Waste station plans tweaked

The amount of gravel needed at the bottom of the new tipping floor being constructed at the Lewis County Solid Waste Station on state Route 26 may be cut in half if legislators approve the $116,000 change order request made by project contractor C&S construction to use a more inventive and practical ground water management solution. Photo provided

LOWVILLE — Improvements to the Lewis County Solid Waste Facility are in progress, but some changes have been made to the original plan.

Kip Turck, the county’s solid waste director, gave an update presentation to the General Services Committee earlier this month.

“Things have gone fairly well as far as the construction phase goes,” Mr. Turck said, showing slides of the project’s progress.

The $1.3 million construction project involves building a new tipping floor onto which commercial trucks will dump solid waste. The waste will then be pushed into 100-yard containers for transportation to the Development Authority of New York’s landfill in Rodman.

Mr. Turck and County Manager Ryan Piche also told the committee about some changes that have arisen requiring an additional $116,000 to be allocated from the overall project budget of $1.76 million, according to the information provided by Mr. Piche.

Brooklyn-based C&S Construction submitted the change order when one of their sub-contractors came up with a better solution to the potential problem of ground water rising to the level of the tipping floor than the scheduled four-foot gravel barrier.

Instead, if the change is approved by the county board, a sheet of insulation will be used on top of a two-foot gravel bed to protect the concrete floor and, in the process, to cut the ramp trucks will use to reach the tipping floor from four feet to two.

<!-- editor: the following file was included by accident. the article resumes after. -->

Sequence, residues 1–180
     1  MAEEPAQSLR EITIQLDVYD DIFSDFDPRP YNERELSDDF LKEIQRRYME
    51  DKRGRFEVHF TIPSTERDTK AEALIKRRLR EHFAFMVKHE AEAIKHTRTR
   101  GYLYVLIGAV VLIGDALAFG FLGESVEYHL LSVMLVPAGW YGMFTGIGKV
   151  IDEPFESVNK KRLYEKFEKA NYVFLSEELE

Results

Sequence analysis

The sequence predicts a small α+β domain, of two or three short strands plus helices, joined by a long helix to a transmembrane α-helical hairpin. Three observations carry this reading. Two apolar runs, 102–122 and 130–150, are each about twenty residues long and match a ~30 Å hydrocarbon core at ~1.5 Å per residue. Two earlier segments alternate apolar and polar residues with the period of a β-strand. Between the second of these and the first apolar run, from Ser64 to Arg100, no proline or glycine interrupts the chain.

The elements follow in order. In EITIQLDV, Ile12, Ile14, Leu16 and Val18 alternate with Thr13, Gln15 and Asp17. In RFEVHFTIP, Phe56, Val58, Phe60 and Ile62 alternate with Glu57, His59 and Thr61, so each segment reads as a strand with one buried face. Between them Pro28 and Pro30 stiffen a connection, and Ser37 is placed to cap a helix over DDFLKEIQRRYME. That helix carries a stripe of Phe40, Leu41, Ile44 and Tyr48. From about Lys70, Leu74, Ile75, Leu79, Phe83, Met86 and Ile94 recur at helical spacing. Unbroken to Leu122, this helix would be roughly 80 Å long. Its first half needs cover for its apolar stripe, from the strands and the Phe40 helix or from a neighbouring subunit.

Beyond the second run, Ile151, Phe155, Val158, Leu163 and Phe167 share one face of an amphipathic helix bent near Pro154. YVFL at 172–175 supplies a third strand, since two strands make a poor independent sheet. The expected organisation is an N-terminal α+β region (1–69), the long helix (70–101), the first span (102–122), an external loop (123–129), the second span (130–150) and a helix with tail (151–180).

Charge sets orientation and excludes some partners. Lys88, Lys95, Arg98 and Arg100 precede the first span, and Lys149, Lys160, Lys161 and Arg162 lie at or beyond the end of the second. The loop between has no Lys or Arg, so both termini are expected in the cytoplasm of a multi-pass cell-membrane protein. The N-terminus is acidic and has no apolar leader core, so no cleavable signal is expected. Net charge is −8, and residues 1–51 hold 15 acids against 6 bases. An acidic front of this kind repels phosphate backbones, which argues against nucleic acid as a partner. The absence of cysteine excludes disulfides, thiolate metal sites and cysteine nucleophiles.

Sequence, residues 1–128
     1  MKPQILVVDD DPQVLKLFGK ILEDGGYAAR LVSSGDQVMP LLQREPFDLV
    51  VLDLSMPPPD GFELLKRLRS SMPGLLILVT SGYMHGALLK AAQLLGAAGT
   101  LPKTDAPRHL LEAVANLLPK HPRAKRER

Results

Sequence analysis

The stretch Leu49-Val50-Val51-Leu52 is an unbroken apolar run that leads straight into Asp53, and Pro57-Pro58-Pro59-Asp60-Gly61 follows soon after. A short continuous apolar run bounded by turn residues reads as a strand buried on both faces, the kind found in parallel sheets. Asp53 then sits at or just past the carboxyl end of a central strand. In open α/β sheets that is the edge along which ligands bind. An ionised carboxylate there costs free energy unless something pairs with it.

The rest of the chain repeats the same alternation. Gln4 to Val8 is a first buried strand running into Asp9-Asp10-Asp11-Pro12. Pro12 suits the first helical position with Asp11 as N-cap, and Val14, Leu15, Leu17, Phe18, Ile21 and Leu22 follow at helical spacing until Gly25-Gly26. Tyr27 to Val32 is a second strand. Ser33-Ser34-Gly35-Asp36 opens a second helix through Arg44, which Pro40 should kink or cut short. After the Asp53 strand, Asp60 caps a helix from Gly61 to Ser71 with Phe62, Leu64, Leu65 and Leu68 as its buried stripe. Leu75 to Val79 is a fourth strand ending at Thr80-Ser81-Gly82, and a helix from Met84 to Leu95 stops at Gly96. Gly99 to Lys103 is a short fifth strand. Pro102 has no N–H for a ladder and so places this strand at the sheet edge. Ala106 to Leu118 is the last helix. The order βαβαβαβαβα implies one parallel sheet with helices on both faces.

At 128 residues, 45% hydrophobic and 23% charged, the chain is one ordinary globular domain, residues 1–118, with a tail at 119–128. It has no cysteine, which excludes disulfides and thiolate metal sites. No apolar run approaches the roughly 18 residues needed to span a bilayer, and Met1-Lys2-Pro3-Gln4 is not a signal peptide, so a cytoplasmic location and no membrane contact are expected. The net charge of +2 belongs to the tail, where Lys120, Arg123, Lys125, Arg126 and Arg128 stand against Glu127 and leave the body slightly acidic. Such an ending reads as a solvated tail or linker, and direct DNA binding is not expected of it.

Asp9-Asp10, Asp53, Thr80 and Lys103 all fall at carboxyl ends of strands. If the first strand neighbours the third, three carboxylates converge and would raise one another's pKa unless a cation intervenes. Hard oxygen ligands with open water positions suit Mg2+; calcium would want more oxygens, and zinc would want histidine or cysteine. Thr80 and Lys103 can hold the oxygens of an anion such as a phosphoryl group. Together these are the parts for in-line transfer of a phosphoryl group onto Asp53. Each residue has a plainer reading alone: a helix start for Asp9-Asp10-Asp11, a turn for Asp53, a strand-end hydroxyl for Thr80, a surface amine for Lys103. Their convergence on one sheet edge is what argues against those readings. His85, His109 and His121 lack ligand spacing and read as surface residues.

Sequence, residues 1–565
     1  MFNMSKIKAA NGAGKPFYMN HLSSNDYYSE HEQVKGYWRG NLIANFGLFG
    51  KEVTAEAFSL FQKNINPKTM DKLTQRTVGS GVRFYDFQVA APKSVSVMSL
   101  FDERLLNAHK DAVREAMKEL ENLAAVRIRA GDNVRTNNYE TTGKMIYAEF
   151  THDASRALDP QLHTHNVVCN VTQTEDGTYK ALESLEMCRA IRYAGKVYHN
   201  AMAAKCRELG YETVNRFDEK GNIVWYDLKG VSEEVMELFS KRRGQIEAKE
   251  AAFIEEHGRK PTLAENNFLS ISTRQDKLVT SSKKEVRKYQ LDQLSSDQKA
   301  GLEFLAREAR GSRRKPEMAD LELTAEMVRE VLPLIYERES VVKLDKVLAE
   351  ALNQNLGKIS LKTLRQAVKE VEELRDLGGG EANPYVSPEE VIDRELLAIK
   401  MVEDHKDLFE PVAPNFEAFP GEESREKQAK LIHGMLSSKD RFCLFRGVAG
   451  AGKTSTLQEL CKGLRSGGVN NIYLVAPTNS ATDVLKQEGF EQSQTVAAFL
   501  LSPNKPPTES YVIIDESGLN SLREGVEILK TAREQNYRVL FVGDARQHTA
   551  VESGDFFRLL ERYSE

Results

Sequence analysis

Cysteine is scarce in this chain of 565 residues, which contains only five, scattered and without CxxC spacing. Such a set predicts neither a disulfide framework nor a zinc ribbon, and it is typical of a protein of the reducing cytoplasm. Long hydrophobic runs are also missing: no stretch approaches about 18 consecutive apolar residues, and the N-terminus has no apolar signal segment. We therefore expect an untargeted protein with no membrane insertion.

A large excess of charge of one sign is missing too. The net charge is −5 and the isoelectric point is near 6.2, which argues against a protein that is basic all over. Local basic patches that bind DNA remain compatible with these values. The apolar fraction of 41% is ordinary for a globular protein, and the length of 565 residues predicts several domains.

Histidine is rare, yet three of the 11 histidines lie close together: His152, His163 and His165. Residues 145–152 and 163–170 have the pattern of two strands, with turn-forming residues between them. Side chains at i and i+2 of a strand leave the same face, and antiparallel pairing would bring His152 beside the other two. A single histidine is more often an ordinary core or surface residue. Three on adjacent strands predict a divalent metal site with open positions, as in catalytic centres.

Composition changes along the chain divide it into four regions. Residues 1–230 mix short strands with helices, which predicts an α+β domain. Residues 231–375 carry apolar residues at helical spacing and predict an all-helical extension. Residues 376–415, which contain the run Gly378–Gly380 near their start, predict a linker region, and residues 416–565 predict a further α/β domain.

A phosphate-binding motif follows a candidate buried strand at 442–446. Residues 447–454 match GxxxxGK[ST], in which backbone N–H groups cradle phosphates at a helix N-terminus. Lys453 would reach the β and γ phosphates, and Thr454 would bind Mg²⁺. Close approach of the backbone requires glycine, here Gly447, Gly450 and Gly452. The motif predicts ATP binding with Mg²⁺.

“Frankly, it would have been in the cost estimate anyway if we were able to go down as deeply as we wanted to begin with,” Mr. Piche said, noting the change will allow the design to more closely match the original design intention to have a relatively flat surface for dumping trucks to back onto in order to drop their loads into the awaiting county trailer.

“By having the lower ramp, now I’ve got sight for my people to see what they’re doing without guessing where we are. It saves beating up the trailer and beating up the machines,” Mr. Turck told legislators about the need for the change in plan.

Board Chair Lawrence Dolhof asked if it made sense to try to eliminate the ramp so the approach is flat, but Mr. Turck said the ramp’s grade will be an added safety feature to prevent over-tipping or back sliding.

The cost of lowering the floor is projected to be $40,000 while extending the retaining wall to go two feet deeper will be $60,000.

The remaining $16,000 in the change order will be used to build a box culvert at the new entrance to the station onto state Route 26 as required by the state Department of Transportation.

In response to Legislator Gregory Kulzer’s inquiry about why the box culvert wasn’t included in the original design, it was explained that C&S had provided the DOT the designs but “there was lag time with responses” from that office.

“If we had waited for them for full-scale engineering approval, we still would not have shovels in the ground,” Mr. Piche said. “We pushed ahead not knowing fully what they wanted because we didn’t want to wait for them.”

In April, the first change order was submitted by C&S for $22,785 to cover an increase in material costs, which was followed by a change order in the electrical contract of $10,077 for the same reason. The original contract for the electrical work was for $58,500.

Mr. Piche said the $315,138 left in the overall budget “should be enough to complete what we need to complete” on the station including the scale house.

A resolution to approve the $116,000 change on the construction will be voted upon by legislators in their Sept. 7 meeting.

The project is anticipated to be completed by October.

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